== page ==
Moderate net benefit observed for behavioral health interventions on CVD risk in adults at increased risk
TUESDAY, May 12, 2020 (HealthDay News) — The U.S. Preventive Services Task Force (USPSTF) recommends behavioral counseling to promote a healthy lifestyle for adults at risk for cardiovascular disease. These recommendations form the basis of a draft recommendation statement published online May 12 by the USPSTF.
Elizabeth A. O’Connor, Ph.D., from the Kaiser Permanente Evidence-Based Practice Center in Portland, Oregon, and colleagues reviewed the benefits and harms of behavioral counseling interventions to improve diet and increase physical activity among adults with cardiovascular risk factors. Data were included from 94 randomized trials with 52,174 participants. The researchers found that behavioral counseling interventions were associated with a significantly reduced risk for cardiovascular events (pooled relative risk, 0.80; 95 percent confidence interval, 0.73 to 0.87) and with reduced risks for myocardial infarction (pooled relative risk, 0.85; 95 percent confidence interval, 0.70 to 1.02) and stroke (pooled relative risk, 0.52; 95 percent confidence interval, 0.25 to 1.10).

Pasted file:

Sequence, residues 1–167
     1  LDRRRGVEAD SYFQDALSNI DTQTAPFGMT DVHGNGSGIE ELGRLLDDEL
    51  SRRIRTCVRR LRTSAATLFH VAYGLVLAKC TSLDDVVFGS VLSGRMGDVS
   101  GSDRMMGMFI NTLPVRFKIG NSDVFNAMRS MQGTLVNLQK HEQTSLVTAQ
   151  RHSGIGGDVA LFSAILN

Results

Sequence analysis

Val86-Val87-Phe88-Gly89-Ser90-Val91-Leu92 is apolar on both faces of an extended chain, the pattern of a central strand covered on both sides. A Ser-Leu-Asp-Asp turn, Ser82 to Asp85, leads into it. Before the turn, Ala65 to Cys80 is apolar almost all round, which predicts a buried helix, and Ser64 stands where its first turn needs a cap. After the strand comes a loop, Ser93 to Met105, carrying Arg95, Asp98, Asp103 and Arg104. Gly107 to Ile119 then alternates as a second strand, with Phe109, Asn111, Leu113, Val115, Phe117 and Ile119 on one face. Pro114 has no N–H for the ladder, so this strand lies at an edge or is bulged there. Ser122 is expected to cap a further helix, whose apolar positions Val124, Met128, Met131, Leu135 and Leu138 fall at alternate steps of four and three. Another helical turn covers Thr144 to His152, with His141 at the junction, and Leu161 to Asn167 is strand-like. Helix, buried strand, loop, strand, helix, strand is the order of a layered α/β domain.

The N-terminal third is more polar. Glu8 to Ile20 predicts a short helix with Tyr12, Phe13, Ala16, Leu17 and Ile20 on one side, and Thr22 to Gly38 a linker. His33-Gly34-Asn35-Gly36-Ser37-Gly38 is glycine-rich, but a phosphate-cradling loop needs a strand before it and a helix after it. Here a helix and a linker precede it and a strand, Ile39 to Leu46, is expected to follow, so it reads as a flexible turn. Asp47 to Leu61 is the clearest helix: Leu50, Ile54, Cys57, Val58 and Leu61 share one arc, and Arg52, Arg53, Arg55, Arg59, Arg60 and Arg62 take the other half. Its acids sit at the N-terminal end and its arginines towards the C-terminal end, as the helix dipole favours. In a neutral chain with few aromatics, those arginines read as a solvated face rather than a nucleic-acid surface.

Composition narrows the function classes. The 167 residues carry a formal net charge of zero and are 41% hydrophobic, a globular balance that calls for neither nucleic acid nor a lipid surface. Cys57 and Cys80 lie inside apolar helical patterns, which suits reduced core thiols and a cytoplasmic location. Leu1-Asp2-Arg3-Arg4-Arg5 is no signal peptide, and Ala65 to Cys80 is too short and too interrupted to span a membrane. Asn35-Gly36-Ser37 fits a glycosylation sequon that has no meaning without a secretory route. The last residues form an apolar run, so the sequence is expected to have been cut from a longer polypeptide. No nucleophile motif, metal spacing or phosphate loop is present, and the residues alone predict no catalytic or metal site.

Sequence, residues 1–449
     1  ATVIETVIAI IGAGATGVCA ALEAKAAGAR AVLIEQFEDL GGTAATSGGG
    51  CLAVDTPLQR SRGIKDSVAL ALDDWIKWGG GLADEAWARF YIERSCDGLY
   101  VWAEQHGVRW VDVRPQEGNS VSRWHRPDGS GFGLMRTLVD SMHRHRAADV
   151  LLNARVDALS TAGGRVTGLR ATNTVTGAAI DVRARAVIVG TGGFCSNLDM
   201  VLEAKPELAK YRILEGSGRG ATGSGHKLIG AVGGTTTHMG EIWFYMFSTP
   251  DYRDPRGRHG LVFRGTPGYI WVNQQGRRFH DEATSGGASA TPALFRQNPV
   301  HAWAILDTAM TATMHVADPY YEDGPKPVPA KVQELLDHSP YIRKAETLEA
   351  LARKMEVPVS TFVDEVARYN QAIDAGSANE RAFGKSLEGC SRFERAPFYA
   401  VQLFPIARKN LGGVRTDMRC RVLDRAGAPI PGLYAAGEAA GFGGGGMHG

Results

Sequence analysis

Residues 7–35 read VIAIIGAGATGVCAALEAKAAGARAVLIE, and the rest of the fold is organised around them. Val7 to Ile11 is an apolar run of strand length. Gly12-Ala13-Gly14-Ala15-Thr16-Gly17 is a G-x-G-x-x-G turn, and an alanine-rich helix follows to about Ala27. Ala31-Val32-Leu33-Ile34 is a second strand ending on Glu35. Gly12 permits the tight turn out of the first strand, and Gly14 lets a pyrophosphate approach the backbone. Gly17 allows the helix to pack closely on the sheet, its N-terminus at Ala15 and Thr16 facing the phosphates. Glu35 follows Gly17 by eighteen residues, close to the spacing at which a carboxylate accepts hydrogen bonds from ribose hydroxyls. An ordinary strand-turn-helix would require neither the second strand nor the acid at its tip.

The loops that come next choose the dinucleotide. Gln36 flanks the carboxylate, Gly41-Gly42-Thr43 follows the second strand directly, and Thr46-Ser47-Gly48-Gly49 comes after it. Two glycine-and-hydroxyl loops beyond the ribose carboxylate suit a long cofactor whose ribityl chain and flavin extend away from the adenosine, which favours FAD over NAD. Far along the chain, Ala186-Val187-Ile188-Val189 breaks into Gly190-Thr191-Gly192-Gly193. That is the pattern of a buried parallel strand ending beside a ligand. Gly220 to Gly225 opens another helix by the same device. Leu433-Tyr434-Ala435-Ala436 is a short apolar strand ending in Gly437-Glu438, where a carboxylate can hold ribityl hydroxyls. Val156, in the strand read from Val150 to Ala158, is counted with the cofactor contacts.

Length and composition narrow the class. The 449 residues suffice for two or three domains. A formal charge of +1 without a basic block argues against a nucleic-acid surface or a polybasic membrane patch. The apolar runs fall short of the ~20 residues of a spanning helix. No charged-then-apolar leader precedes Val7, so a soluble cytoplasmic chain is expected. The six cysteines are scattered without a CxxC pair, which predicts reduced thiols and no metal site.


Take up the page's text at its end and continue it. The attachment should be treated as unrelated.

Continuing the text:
Based on these findings, the USPSTF concluded with moderate certainty that there is a modest net benefit for behavioral health interventions on cardiovascular disease risk in adults at increased risk. These findings are relevant for adults with known hypertension or elevated blood pressure, with dyslipidemia, or with mixed or multiple risk factors. Therefore, the USPSTF recommends behavioral counseling interventions to promote a healthy diet and physical activity for adults with cardiovascular disease risk factors (B recommendation).
“A healthy diet and physical activity are the foundations of a plan to help people at risk for cardiovascular disease stay healthy,” USPSTF member John Epling, M.D., said in a statement.
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